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Catching Up in Festival London

Catching Up in Festival London

By Warren “BeerSensei” Monteiro

Temperate August favored London Beer City 2017, raising a 10-day cool umbrella over two major festivals and a barrel full of mini taste events. London’s brew scene here is just bursting with tastings and tap takeovers and fresh new product.

As we know, the Great British Beer Festival is the grand-daddy of cask ale events, shepherded along for 40 years now by the Campaign for Real Ale. Roger Protz, CAMRA’s avuncular elder statesman, presided over a Festival tasting of the Champion Beers. He revealed that a full five of the finalists utilized American hops. Not entirely sensational, since England’s been importing our bitter cones since the Industrial Revolution. Let’s look at some of the winners.

Overall Champion Beer of 2017: Church End Goat’s Milk, a 3.8% bitter, with Cascade and Chinook hops rounding out a healthy dose of malt. A nod to the past, with a little stinging hop trail at the end. Roger lauded it as unanimous winner in the closeted final round. That said, nobody on our sampling panel favored it enough. Our interest was specially piqued by two other category winners: Blue Monkey Affinity (Golden Ale 4.6%), single-hopped with Citra. And my personal favorite, Gray Trees Afghan (5.4%), melds Chinook, Cascade and Simcoe to great late advantage. The category was Strong Bitter, but the brewery called it an APA American Pale Ale); for my money it tastes like a classic-style India Pale Ale.

The Speciality winner is a terrific dessert beer and a previous champion: Saltaire Triple Chocoholic (4.8%); Fuggles and Goldings and bitter chocolate kept it very, very English. Tiny Rebel Cwtch (“cuddle” in Welsh) was voted Best Bitter. Heralded Champion Beer two years ago, Cwtch uses Cascade and Columbus and dry hops with Citra. “Too much grapefruit here” says Roger, a traditional malt man. Eschewing “hop forward” beers, he advised us that mild was the preferred beer style in the 1950s. Which explains a lot about Roger – and CAMRA. Tradition.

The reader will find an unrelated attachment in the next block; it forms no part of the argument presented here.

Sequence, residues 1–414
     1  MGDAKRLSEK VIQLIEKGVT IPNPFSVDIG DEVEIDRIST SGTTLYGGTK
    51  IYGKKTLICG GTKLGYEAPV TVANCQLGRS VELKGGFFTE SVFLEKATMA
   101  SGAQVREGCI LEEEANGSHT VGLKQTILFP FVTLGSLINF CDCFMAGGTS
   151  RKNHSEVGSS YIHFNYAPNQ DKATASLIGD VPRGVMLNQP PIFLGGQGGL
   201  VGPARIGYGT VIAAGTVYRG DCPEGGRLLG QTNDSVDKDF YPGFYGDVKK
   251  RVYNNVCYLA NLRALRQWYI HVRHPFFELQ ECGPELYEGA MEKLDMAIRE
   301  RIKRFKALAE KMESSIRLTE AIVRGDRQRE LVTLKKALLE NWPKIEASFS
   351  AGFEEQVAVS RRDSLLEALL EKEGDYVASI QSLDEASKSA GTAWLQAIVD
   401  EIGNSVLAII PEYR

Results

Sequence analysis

Once GBBF was the Jewel in the Crown of English beer. But there are sharks in the wort. Potent competition emerges with the London Craft Beer Festival, now in its fifth year in much larger premises off Hoxton Square. It trumpets what CAMRA refers to in its publications as “craft” beers. (I’ll explain the “quotes” a little later.)

Fullers Brewery repeated its sponsorship of the Lond Craft Festival.

Hundreds of people queued up at the old Shoreditch Electric Light Station in anticipation of the opening session. Each booth was slammed with drinkers chasing 45+ cult brewers like Cloudwater, Kernel, Weird Beard, Beavertown, and BBNo. (Brew by Numbers). These guys don’t care how the beer is made as long as it tastes good. Take Wild Beer’s Lobster Beer. Or several local NEIPA’s. Or any of Redchurch’s barrel-aged sours. They even nod to the Other Guys with a Cask Yard sponsored by Fuller’s, London’s great real ale survivor. They call their act London Beer Culture. A rough count yields 78 breweries within the circular highways around greater London with more on the way. Nearly all have taprooms.